- Swedish law only allows the government to operate border controls six months at a time, and there is a two-week waiting period before the controls can be reinstated. The two-week lapse is scheduled for July 4-17; many fear that tens of thousands of migrants will seize the opportunity to enter Sweden during this time.
- A new report on migrants in Sweden, based on interviews with 1,100 students in Stockholm (90% of respondents were Muslims) found that immigrant youths live in a different world from their Swedish peers. 83% of the girls are not allowed to have male friends, 62% of the boys are not allowed to have female friends.
- After several sexual attacks on women in Östersund, the local police issued a warning that women are not safe outdoors after dark. Since February 20, eight women have been sexually assaulted or raped in the town.
- A bus driver was suspended from work after sharing posts on Facebook that were critical of immigration. A wave of public criticism of the bus company then led them to reverse the decision. The company admitted that the driver had never treated anyone badly.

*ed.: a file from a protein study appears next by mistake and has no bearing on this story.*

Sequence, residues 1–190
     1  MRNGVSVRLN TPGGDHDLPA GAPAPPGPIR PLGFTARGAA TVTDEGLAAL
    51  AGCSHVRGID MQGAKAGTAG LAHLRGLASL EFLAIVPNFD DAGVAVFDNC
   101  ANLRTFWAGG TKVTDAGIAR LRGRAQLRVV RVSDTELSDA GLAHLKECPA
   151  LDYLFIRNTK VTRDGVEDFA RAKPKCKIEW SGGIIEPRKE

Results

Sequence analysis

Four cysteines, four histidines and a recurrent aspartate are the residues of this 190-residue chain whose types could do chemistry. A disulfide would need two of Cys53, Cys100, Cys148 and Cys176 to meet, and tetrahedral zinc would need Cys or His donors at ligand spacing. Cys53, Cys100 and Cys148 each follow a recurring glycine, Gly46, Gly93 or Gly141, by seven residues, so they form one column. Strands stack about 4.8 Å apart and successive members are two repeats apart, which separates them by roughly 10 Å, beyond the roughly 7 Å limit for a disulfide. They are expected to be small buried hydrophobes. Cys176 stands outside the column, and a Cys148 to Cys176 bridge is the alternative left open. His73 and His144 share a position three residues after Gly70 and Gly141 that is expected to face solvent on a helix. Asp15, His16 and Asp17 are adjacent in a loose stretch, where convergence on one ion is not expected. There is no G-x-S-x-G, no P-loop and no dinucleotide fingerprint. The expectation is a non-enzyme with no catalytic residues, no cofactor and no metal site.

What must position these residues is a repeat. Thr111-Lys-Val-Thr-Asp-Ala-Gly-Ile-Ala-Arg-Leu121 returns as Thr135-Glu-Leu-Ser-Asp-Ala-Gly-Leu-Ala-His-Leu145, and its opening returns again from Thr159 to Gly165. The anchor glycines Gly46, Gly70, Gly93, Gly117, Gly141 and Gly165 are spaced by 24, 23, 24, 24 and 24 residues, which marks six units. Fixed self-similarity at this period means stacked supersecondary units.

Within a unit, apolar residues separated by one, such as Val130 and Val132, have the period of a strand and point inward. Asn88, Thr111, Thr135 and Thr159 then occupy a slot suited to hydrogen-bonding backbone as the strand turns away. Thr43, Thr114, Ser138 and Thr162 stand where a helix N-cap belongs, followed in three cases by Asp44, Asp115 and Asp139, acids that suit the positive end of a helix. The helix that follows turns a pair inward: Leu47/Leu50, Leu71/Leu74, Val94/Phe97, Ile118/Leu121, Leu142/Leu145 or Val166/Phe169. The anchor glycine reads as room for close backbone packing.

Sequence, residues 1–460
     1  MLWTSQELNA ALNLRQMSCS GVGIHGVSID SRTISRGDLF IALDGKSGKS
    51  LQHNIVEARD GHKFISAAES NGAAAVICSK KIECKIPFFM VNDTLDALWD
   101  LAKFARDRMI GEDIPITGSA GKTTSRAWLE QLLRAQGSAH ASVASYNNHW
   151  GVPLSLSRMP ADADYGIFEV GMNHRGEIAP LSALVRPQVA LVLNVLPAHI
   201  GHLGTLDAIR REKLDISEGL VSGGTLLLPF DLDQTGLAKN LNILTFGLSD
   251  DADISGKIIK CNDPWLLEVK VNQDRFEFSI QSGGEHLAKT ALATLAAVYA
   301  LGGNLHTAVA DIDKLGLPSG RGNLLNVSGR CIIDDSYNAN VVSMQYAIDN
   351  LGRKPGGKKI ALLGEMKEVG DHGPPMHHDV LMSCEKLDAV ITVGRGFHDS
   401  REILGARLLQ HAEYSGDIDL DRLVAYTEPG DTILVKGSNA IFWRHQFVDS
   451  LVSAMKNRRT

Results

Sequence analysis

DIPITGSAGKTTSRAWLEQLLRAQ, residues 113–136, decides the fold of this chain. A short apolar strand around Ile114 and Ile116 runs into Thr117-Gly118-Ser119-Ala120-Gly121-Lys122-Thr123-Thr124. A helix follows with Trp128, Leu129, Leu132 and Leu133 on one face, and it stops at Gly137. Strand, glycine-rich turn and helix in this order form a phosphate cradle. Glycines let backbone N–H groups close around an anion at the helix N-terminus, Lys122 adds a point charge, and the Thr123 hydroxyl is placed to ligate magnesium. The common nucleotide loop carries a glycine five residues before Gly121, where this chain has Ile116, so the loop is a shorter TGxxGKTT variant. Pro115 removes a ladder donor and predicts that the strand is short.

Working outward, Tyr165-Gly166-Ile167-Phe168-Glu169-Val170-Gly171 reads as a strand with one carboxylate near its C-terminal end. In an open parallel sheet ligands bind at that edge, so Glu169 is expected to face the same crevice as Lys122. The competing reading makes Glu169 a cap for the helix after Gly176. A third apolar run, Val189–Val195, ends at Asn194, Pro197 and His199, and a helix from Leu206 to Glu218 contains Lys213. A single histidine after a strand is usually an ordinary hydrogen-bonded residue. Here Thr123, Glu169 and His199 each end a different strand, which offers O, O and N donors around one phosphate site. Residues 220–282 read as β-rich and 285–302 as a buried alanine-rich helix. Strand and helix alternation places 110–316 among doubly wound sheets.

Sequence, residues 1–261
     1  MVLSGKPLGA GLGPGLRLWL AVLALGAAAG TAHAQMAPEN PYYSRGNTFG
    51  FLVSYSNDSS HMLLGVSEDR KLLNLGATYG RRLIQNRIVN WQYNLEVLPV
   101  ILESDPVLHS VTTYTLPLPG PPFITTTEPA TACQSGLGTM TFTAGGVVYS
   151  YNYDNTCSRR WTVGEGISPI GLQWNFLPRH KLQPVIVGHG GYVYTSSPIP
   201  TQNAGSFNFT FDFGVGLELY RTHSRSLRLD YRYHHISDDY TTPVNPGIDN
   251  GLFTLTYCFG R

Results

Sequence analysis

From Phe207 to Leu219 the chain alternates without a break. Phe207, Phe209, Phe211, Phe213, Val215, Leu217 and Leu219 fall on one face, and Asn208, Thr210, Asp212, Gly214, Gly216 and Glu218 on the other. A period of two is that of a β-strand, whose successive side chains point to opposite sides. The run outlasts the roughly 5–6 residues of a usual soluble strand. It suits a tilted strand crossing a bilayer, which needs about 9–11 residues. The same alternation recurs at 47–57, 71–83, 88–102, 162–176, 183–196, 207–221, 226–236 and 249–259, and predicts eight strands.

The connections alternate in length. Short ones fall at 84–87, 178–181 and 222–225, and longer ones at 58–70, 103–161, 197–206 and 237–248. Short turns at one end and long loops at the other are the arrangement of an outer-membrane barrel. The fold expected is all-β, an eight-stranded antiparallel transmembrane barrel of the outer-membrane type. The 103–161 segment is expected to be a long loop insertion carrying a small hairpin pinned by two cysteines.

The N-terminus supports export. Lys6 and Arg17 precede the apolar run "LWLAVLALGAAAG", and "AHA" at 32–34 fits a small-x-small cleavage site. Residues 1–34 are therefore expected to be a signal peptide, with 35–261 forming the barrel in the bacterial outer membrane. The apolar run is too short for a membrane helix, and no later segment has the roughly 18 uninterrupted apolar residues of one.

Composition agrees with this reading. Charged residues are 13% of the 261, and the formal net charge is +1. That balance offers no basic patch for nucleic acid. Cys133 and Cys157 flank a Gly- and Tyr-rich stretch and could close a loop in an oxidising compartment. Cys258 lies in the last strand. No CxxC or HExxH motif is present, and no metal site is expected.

- The Swedish Security Service has identified at least 60 asylum seekers as terrorists and a threat to the country. However, the Immigration Service refuses to deport them.
In early March, the Swedish government announced that the country’s tighter border controls at the Öresund Bridge might remain in place for the foreseeable future, and that they may even become permanent. The problem, however, is that this summer, a two-week lapse will occur. According to the current law, the government can only operate border controls six months at a time, and there is a two week waiting period before the controls can be reinstated. The gap will occur July 4-17, right in the middle of the European vacation period. Many people fear that tens of thousands of migrants will seize the opportunity to enter Sweden during this time. When the migration wave peaked in the fall of 2015, Sweden received 9,000 migrants per week. So far this year, the number has been steady at 600-700 per week.